J A N U A R Y 11,  2014
Г.Гросс. Едоки пельменей. 1920. Kunstmuseum Дюссельдорф George Grosz. On Constructivists

G. Grosz. Dumpling Eaters. 1920. Kunstmuseum, Dusseldorf

 

[…] Some [artists] pressed on and began to ‘construct’. Although some spoke of dynamics, in short order they discovered that the most immediate expression of that was the dry drawings of the engineer. So the soul and metaphysical speculation were driven out by the compass and the ruler. Constructivism came into play. They saw with greater clarity. […] Its aims were free of archaic, outworn prejudices. The Constructivists wanted objectivity, wanted to work in terms of concrete necessities. They upheld an art whose goals and method could be constructed, perceived and verified.

Unfortunately the Constructivists have a practical failing – they’re falling short of their goal. In most cases they’re still confined within the traditional sphere of art. They forget that, as a rule, there is only one type of constructivist: the engineer, the architect, the welder, the carpenter. In a word, the technician. They set out to be leaders – but were, it turns out, only a reflex. The more honest among them put so-called art aside and focused their energy on the real basis of constructivism: the industrial economy. But in trying to save the precious word ‘art,’ they have compromised it.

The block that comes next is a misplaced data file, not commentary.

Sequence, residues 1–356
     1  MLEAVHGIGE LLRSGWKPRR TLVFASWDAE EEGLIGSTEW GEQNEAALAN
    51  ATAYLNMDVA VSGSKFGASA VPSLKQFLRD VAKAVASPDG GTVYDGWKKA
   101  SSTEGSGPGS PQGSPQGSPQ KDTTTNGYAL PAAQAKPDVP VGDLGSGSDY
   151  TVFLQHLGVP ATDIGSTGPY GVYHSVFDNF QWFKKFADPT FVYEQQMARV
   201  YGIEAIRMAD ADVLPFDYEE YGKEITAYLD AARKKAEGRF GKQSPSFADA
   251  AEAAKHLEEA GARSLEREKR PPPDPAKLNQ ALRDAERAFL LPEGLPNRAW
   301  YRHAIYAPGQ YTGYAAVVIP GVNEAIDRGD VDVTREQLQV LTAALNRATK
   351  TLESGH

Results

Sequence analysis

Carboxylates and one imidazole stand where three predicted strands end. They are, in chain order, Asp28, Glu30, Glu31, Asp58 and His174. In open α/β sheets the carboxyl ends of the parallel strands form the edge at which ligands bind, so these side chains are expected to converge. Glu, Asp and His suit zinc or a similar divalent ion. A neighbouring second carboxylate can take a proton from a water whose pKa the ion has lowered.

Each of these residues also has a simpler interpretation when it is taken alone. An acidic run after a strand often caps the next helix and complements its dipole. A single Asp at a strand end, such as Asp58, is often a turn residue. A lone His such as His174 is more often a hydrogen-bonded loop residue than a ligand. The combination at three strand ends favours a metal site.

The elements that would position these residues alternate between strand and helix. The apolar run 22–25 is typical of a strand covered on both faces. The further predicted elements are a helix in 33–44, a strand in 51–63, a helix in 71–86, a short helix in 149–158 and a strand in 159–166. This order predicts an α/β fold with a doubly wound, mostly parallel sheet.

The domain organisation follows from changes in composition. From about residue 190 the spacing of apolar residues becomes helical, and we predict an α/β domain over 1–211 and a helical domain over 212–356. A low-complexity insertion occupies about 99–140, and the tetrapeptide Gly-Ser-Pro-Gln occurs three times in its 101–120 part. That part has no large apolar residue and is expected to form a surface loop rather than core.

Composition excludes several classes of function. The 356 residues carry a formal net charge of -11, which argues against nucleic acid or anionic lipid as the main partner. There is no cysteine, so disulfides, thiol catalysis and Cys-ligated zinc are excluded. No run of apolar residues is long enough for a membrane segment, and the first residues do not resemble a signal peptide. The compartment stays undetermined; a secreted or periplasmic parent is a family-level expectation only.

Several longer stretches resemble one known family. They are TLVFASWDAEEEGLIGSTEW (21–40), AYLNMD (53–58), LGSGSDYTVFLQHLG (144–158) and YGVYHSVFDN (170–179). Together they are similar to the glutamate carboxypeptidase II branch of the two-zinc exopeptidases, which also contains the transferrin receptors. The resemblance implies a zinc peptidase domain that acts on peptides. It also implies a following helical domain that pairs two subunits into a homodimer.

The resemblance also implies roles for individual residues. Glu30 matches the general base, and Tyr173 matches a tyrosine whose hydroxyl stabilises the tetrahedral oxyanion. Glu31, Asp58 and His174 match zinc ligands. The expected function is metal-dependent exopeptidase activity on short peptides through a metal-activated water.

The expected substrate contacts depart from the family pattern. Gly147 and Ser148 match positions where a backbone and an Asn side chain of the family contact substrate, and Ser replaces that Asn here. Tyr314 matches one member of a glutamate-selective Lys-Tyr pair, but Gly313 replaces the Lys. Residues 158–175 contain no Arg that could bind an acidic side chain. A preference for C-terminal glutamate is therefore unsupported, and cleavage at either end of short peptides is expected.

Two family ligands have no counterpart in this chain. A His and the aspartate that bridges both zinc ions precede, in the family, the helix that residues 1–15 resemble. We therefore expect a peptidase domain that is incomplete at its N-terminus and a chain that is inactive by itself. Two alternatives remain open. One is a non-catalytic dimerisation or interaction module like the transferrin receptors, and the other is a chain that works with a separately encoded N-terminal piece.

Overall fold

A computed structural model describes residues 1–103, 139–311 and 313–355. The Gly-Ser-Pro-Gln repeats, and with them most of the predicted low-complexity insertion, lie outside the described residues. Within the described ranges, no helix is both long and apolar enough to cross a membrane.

[…] In Russia, this constructivist romanticism has a deeper meaning and is more thoroughly socially conditioned than in Western Europe. In Russia, Constructivism is, in part, a natural reflex of the powerful machine-oriented offensive of industrialization. For the farmer the experience of electric power, of red-painted tractors of the Kees Company, of turbines is utterly novel and unheard-of.  There, the canvases combining spiritual and mechanical construction are not as purposeless as in Western Europe. The suggestive power of the machine aesthetic, the (to the layman) almost supernatural  secrets of technology, served as a starting point for the masses, who have responded more emotionally than rationally. The artist is (even if unconsciously) a mediator and recruiter for the ideas generated by industrial development.

[…] In the West, art can no longer fulfill such tasks. Here technology does not have to be detoured through art. For the masses, both in the city and in the country, technology has long been commonplace.”

 

Art Is in Danger, 1925

George Grosz. Thoughts and Work. Progress Publishers, Moscow. 1975